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Today's reading reminds me of an old joke about a Presbyterian and a Baptist. The Presbyterian makes the claim that Presbyterians will be the first to be taken up in the rapture. "Does not Scripture say, 'There was silence in heaven for about a half an hour'? (8:1). That must be when God's frozen people, the Presbyterians, arrive!" His Baptist friend counters, "Oh no, Baptists will be in heaven first. The Bible says, 'The dead in Christ will rise first'!" (1 Thes. 4:16).
I suspect, contrary to that joke, that the reason for the half-hour of silence in heaven is not due to the arrival of the Presbyterians, but because of the solemnity of the judgments that are about to occur on earth at the breaking of the seventh seal. This begins the seven "trumpet judgments," the first four of which all affect one-third of the earth in various catastrophic ways.
You probably noticed that the seven trumpet judgments are preceded by mention of "the prayers of all the saints" (8:3), symbolized by the smoke of incense that arises from an angel's golden censer before God's throne (8:4). The judgments that follow are clearly related to those prayers, as we read that the angel fills the censer with fire from the altar and then throws it to the earth, which results in thunder, lightning and an earthquake. It seems that the martyrs' prayers for vengeance, of which we read in 6:9-10, are finally being answered after an initial delay. Remember that the Lord initially promised that He would avenge their deaths once additional martyrs suffered their fates. If the multitude before God's throne of whom we read in the final part of chapter 7---who came "out of the great tribulation"---were those additional martyrs, then perhaps chapter 8 begins to describe the answers to the prayers of the initial martyrs.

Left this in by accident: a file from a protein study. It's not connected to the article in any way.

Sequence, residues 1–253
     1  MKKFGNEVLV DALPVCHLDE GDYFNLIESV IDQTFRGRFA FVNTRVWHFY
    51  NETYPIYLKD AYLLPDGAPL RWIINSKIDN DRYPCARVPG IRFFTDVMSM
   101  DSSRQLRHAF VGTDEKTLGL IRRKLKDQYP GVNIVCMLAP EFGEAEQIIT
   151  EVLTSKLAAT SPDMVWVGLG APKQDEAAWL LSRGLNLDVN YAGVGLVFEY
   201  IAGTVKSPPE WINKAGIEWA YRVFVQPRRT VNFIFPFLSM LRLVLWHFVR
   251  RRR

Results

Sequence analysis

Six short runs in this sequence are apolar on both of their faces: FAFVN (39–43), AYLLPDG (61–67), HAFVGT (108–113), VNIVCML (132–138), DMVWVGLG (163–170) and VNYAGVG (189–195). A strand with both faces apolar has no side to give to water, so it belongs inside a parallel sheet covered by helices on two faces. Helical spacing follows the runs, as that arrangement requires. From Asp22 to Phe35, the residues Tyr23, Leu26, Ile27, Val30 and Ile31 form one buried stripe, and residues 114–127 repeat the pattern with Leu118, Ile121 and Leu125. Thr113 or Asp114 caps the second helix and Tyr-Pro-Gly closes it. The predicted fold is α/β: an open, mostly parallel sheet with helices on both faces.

Surely, if any followers of Christ remain on the earth during those first four trumpet judgments, they will be protected from God's wrath. Some speculate that the repeated mentioning of the afflictions that plague one-third of the earth indicate a geographical third of the earth. That is, when we read that "a third of the trees were burned up," John doesn't mean that one-third of all the trees across the entire planet will be burned, but that in one geographical third of the earth, all the trees will be burned. This principle would seem to be true regarding the second trumpet judgment when "a third of the sea became blood" (8:8). Still, it isn't clear enough to make a confident assertion either way.
To those who are inclined to believe that the trumpet judgments should not be taken literally, it is helpful to remember that much of what John describes of earth's future judgment is similar to the judgments that the Egyptians experienced prior to Israel's exodus. Moreover, Jesus spoke of similar future judgments in literal terms: “And there will be signs in sun and moon and stars, and upon the earth dismay among nations, in perplexity at the roaring of the sea and the waves, men fainting from fear and the expectation of the things which are coming upon the world; for the powers of the heavens will be shaken” (Luke 21:25-26).
Revelation offers a true revelation of God’s holy wrath, and those who say that the God of the New Testament is different from the God of the Old haven’t read Revelation too closely. Aren’t you glad that you’ve been saved from the wrath of God through Jesus?